For many, the last day of the year is a day of hope and excitement for the future. On 31 December 2019, medical staff in the Chinese city of Wuhan reported treating dozens of cases of pneumonia, with no obvious cause to link the cases. The first weeks and months of the new decade would see the rapid spread of a new virus that, at the time of writing (which will be woefully out of date when you read this) has infected 120,000 and killed 4,300, which escalates hourly. Cities and economies have been shut down in an attempt to contain the spread of the virus. Travel bans restrict international movement and quarantines placed on ships and hotels contain infected victims. The panic buying began, somewhat comically, with toilet rolls, and shops are responding with restrictions.
What is the cost of this response? It is likely will we never know, but the stock markets lost over $6,000 billion in just one week at the start of the crisis and keep dropping to lows not seen since the 2008 financial crash. Whilst traders are prone to the same paranoia and fallibility as loo-roll preppers, it is an indication of the disruption to global supply chains, the cautiousness of consumer spending and time lost to illness or death. The question isn’t what can be done to stop global epidemics such as the coronavirus, but rather, what can we afford to do.
How much would you spend to save a life? The answer probably depends on who’s life that is. You would probably sell every item you own and then some if it meant saving a child, partner or loved one. Our reluctance to give to charity suggests our sacrifice would be markedly less for a stranger living on the other side of the world. It sounds like a philosophical question, but there is, depressingly, a quantifiable answer. To the individual, a life is infinitely valuable – in fact, it is the only thing we truly own. But governments and organisations have limited budgets and need to rationalise the value of a life based on productivity towards an economy. A statistically-derived number helps guide investment and spending on things like safety engineering, medical treatment and public health initiatives. Initiatives such as responses to epidemics. What is the value of a life? (look away now if you don’t need an existential crisis).
Between $2-4 million.
This does vary with age; older people have already made their contributions to society and are, economically-speaking, worth less; Americans are seemingly worth more, but that is only because of the extortionate healthcare costs that are best avoided.
When deciding where to dedicate resources, governments weigh up the cost to productivity against the cost of a life. Like any project, the earlier you invest and make changes, the greater the benefits down the line. Instead of the cripplingly expensive response of shutting businesses, public spaces and even cities, we should instead look to the source of the epidemics, to see if there is a more cost-effective way of combating them. In this case, as with many other epidemics that are a result of virus crossing the species barrier, we need to look at the Chinese Wet markets, where a wide variety of live animals are in close proximity to large numbers of handlers, sellers and customers. The resulting contact of humans with respiratory droplets, faeces or body fluids from live animals, or the carcasses or raw meat of dead animals each year provides millions – if not billions – of opportunities for new strains of coronavirus, influenza or other viruses to make their way into humans. If there were no wet markets, the risk of COVID-19 mutating into a form that infects humans would be far far smaller. In fact, eradication of all intensive farming would reduce the exposure of thousands of animals in close proximity and with humans. It is up to society to decide whether the costs of epidemics are a price we are willing to pay for cheap meat and a diminishing agricultural sector for employment. Attempts to close the markets after the SARS and MERS epidemics drove them underground and so a more effective response should be better regulation.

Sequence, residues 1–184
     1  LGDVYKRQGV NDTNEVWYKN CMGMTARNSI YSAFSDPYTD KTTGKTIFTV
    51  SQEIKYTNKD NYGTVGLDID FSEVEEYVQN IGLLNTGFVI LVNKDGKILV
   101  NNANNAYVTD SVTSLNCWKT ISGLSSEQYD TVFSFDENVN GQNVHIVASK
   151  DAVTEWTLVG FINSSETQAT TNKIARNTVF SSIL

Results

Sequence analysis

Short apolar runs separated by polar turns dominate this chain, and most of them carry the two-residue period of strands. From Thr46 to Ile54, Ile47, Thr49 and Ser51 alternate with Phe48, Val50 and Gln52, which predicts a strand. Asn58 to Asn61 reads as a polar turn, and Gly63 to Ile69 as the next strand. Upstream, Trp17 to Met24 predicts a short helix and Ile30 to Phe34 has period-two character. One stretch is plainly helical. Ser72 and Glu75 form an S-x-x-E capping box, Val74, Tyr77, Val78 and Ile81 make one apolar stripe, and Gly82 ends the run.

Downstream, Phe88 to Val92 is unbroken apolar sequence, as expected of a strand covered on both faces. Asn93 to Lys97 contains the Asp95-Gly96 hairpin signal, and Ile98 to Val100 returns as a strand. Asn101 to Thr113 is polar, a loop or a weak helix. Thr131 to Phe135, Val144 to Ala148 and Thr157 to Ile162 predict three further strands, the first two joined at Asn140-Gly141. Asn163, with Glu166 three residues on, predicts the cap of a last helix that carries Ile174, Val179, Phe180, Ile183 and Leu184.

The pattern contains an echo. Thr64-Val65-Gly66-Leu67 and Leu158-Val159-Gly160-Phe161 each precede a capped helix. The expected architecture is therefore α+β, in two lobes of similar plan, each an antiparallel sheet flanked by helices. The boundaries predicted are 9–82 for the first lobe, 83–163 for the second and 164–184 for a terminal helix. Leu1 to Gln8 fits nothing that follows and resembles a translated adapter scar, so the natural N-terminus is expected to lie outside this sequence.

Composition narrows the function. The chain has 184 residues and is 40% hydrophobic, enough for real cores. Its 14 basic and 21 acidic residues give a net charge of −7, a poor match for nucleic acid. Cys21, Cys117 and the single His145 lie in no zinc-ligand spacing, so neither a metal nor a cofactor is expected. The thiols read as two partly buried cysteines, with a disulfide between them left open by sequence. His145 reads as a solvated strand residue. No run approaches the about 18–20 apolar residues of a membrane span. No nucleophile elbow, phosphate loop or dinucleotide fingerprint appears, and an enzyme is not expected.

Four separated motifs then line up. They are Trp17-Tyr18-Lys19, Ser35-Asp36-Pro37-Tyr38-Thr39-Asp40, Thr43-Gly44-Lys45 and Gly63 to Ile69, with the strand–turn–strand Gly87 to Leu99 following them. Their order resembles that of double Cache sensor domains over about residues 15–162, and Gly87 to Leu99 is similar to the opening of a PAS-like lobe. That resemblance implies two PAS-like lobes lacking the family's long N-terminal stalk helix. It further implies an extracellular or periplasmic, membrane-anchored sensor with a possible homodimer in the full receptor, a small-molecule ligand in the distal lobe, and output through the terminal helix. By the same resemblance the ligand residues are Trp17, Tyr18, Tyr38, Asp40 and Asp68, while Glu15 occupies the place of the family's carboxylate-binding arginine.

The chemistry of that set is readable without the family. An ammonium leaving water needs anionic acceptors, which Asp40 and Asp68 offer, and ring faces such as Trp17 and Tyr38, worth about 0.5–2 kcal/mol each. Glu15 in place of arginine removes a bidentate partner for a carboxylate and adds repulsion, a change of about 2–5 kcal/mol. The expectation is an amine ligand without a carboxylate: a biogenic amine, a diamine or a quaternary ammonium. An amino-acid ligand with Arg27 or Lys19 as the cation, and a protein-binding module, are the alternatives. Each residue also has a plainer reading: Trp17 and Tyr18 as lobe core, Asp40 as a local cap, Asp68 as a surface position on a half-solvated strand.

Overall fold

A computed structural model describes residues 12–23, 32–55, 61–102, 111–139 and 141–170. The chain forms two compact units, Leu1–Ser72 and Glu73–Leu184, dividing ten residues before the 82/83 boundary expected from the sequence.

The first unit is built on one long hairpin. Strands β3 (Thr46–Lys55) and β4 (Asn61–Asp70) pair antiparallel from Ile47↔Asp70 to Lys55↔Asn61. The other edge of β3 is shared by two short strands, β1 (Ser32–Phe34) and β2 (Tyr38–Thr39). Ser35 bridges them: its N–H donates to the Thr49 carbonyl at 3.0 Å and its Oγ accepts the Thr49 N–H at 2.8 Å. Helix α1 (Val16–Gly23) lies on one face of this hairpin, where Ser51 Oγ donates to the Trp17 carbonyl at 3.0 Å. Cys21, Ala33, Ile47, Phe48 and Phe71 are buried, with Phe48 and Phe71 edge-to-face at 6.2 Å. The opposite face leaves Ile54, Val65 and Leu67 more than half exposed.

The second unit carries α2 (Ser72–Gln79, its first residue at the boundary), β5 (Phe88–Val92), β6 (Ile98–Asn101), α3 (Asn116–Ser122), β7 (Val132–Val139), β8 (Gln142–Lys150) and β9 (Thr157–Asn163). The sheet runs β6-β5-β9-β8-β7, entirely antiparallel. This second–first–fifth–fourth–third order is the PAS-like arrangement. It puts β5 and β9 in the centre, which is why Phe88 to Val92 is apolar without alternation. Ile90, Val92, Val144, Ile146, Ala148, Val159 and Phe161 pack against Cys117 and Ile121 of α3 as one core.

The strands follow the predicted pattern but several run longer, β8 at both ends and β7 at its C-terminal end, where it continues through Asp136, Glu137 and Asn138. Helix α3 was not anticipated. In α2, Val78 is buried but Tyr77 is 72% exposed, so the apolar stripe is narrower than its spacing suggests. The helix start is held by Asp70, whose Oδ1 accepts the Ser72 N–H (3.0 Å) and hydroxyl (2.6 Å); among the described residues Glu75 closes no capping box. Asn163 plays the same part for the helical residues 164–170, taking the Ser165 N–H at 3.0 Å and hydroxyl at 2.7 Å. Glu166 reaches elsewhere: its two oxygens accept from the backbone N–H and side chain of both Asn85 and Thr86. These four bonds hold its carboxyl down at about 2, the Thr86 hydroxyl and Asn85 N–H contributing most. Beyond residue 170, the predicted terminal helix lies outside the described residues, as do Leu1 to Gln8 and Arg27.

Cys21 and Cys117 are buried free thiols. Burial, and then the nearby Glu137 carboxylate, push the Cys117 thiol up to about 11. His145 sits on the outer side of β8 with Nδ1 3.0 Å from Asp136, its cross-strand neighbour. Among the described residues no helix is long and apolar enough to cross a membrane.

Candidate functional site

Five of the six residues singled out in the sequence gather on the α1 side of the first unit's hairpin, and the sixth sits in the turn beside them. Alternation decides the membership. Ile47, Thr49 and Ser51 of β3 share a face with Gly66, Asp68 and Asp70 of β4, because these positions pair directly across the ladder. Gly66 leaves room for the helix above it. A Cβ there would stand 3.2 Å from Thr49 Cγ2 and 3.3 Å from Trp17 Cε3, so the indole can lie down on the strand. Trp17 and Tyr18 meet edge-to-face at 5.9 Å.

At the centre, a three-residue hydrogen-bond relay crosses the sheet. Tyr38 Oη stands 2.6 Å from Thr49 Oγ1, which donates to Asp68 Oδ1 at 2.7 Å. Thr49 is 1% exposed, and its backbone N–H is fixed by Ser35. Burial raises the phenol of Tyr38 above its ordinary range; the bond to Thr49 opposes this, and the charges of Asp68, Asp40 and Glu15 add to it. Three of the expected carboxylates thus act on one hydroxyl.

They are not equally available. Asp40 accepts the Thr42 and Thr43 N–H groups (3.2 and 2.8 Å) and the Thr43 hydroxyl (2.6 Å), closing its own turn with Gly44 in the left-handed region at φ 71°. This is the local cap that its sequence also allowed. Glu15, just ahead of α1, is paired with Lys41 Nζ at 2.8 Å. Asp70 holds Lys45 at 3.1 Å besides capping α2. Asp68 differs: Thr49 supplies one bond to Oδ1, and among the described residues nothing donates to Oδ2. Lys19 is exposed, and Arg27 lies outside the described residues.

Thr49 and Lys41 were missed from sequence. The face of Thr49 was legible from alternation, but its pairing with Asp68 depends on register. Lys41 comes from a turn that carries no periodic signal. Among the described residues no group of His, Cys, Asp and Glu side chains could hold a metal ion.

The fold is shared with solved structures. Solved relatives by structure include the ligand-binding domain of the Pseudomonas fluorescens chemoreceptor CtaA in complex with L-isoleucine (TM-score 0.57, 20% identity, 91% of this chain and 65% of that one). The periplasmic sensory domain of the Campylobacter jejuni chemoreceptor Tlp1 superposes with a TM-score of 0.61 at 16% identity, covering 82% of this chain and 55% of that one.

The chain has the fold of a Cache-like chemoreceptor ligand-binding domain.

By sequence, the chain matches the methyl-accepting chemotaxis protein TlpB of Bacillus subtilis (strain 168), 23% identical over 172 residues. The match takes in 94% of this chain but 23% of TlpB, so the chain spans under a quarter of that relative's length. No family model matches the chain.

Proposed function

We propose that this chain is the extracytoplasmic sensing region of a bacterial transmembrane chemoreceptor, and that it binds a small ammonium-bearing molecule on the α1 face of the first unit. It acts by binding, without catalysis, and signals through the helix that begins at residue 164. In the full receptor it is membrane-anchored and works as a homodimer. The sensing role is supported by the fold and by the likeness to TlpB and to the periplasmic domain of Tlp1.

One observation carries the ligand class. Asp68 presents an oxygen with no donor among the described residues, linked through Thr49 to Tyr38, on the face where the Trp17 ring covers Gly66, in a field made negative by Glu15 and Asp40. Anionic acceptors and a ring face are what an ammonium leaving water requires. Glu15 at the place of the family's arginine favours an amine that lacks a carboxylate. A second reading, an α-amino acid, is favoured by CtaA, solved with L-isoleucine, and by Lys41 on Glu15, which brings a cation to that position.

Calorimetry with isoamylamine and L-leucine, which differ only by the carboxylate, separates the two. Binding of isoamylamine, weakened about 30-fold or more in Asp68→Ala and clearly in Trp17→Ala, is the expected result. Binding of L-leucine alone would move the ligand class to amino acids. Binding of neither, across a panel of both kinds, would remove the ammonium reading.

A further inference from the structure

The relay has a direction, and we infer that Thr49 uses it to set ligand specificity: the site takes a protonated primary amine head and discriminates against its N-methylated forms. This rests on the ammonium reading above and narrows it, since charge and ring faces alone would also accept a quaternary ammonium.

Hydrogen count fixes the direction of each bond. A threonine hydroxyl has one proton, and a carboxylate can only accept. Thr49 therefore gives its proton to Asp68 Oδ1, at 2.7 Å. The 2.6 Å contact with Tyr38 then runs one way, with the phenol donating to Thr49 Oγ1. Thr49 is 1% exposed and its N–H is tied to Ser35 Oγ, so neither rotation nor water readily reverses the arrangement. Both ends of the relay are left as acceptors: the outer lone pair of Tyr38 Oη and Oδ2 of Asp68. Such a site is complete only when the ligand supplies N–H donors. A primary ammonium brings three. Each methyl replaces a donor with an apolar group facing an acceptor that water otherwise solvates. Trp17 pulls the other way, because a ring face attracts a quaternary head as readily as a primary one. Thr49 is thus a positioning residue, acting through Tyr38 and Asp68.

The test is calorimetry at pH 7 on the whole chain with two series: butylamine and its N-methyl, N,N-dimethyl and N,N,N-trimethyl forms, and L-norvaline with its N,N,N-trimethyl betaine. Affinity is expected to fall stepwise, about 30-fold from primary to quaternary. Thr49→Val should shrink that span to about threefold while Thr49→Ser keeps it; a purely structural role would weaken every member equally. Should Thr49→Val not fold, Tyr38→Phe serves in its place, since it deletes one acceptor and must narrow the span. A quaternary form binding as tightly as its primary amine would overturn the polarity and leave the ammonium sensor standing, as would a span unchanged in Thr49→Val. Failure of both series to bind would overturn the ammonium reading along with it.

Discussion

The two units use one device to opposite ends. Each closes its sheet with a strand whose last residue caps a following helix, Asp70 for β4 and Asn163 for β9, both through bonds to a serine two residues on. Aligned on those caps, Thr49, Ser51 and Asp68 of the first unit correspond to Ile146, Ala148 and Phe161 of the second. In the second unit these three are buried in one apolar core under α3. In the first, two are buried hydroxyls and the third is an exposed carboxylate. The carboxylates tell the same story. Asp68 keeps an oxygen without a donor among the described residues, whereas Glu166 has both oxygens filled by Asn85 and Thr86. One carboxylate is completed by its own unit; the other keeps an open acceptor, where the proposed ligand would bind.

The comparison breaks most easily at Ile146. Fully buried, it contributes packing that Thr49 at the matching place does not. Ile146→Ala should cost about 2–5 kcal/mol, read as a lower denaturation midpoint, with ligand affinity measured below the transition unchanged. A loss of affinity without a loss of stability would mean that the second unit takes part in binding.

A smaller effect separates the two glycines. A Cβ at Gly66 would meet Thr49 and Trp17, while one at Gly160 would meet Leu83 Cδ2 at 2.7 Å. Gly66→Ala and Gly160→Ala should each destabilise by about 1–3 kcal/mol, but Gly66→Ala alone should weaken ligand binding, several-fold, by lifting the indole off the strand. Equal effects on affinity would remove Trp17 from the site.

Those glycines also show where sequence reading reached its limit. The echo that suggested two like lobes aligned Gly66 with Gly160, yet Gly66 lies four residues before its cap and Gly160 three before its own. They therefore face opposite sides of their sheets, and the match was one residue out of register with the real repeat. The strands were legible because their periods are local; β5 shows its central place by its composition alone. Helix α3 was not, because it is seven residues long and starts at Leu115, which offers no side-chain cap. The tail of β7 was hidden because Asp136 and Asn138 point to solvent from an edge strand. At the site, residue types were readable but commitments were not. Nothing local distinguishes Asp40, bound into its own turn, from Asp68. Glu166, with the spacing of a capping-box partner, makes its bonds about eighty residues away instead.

Once the dust has settled and we count the cost of this tragic epidemic, we will realise that coronavirus is just one of many public health issues we face. Relatively speaking, it isn’t our biggest threat. The World Health Organisation (WHO) estimates that a whopping 2.8 million people die each year from obesity-related health problems, yet it doesn’t enjoy the media coverage. Cities aren’t implementing reverse-quarantines, where people are forced out from their homes to go for a walk and we don’t see incentives for healthy eating or lifestyles. Quite the opposite. Our cities build more roads, encouraging sedentary behaviour, instead of investing in cycle lanes and walking to enable an active lifestyle. The transport department for London, a city of 9 million people (or between $18 and 36 quadrillion in value-of-life terms) invests a paltry $500 million each year in healthy modes of transport. If obesity isn’t sensationalist enough for you, then we can add drama with climate change. Frequent flooding, storms and pollution cost incalculable numbers of lives every year, but still will fly and drive, we pollute, we throw away, we live a generally accepted unsustainable lifestyle.
We cannot stop epidemics. The human race is a biological system that has successfully learned to adapt to survive. Viruses are equally successful at adapting to our adaptations in order to survive. As a society, we need to make decisions as to what cost we will pay to save lives. Coronavirus is lining the pockets of media outlets and giving traders opportunity to profit. There are more pressing health concerns that aren’t sexy or sensationalist, but let’s first question our actions and their consequences before fixating on external problems beyond our control.